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Tylah's Story


Our much longed-for second child, Tylah, arrived in May, 2004. My husband and I were ecstatic when we heard the words, “It’s a girl!” What a blessing ~ a beautiful baby girl to go with our handsome 3 year-old-boy.

My labour was long and difficult, complicated by Tylah being in a posterior position. Eventually after the use of stirrups and forceps Tylah entered the world. She had APGARs of 9 and 10 respectively. I was so relieved to have such a healthy baby. I intended to breastfeed Tylah so we had out first attempt shortly after she was born. Unfortunately she didn’t latch on well and her ability to suck seemed weak. I was told not to worry and that we’d try again later.

Tylah was taken to the nursery as I was paralysed from the waist down due to a strong epidural block, and throughout the day (and then night) the nurses would bring her to me to be fed. Each time she failed to latch on, so I would express a few drops of colostrum and it would be fed to her through a syringe. Each time her body temperature would lower to the point where she would feel cold to touch. Each time the nurses would take her back to the nursery to be placed under a heater. (I will always wonder if I would have noticed Tylah’s symptoms sooner had I been able to spend that first day with her).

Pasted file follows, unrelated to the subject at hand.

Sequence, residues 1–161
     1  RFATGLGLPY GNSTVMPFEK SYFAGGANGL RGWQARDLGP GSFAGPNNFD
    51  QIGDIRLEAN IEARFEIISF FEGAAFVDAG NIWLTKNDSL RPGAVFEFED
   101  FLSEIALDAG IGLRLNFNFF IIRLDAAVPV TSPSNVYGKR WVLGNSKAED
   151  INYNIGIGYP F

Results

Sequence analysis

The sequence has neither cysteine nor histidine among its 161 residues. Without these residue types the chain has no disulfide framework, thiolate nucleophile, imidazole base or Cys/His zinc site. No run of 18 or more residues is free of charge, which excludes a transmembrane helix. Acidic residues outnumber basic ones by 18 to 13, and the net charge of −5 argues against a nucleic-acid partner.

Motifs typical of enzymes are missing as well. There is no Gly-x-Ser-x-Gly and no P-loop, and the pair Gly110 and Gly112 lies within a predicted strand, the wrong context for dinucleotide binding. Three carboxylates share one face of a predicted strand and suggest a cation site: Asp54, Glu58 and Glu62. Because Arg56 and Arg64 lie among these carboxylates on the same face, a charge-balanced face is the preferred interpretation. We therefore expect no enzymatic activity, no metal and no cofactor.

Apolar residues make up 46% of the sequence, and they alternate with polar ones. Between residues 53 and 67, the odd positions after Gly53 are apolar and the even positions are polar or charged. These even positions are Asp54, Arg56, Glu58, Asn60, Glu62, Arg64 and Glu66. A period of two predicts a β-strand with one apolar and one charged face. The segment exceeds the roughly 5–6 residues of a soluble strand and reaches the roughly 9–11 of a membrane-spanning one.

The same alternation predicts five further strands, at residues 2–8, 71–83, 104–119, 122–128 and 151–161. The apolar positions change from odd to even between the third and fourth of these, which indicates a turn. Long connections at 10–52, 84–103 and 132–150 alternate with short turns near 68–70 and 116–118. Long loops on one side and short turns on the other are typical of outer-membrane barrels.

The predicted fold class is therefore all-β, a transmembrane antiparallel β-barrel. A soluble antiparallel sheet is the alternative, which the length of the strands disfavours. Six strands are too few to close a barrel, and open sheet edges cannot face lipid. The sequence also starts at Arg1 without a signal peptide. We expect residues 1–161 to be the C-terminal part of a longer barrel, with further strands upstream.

The next day the anaesthetic had worn off so I hurried to the nursery to see my little angel. A nurse was standing by her cot writing on her chart. She explained that Tylah had had a ‘mucous’ vomit, had turned blue and had needed some oxygen. I was reassured that this was quite normal and it was fine to take her to my room. I was concerned but also excited about being able to bond with my new baby.

Throughout the morning Tylah would not latch on to the breast and fed poorly. She would feel cold when I unwrapped her to change her nappy (diaper). She hardly cried ; when she did it was soft and feeble. She rarely opened her eyes ; when she did they stared vacantly, not responding to me at all. At noon I sat down and flipped through her chart. Tylah had had three mucous vomits since being born, requiring oxygen each time.